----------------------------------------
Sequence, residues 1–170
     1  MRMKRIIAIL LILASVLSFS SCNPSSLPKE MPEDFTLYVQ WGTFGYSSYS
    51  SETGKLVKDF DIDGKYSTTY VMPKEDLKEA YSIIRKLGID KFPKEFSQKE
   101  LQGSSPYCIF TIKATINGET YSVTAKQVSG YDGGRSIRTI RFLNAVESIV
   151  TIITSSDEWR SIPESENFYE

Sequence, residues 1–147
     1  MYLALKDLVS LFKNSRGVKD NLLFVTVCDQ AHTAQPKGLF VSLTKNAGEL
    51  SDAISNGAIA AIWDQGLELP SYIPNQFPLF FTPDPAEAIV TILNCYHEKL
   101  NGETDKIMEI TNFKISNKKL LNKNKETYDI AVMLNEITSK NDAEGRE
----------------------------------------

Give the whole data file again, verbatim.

Sequence, residues 1–170
     1  MRMKRIIAIL LILASVLSFS SCNPSSLPKE MPEDFTLYVQ WGTFGYSSYS
    51  SETGKLVKDF DIDGKYSTTY VMPKEDLKEA YSIIRKLGID KFPKEFSQKE
   101  LQGSSPYCIF TIKATINGET YSVTAKQVSG YDGGRSIRTI RFLNAVESIV
   151  TIITSSDEWR SIPESENFYE

Sequence, residues 1–147
     1  MYLALKDLVS LFKNSRGVKD NLLFVTVCDQ AHTAQPKGLF VSLTKNAGEL
    51  SDAISNGAIA AIWDQGLELP SYIPNQFPLF FTPDPAEAIV TILNCYHEKL
   101  NGETDKIMEI TNFKISNKKL LNKNKETYDI AVMLNEITSK NDAEGRE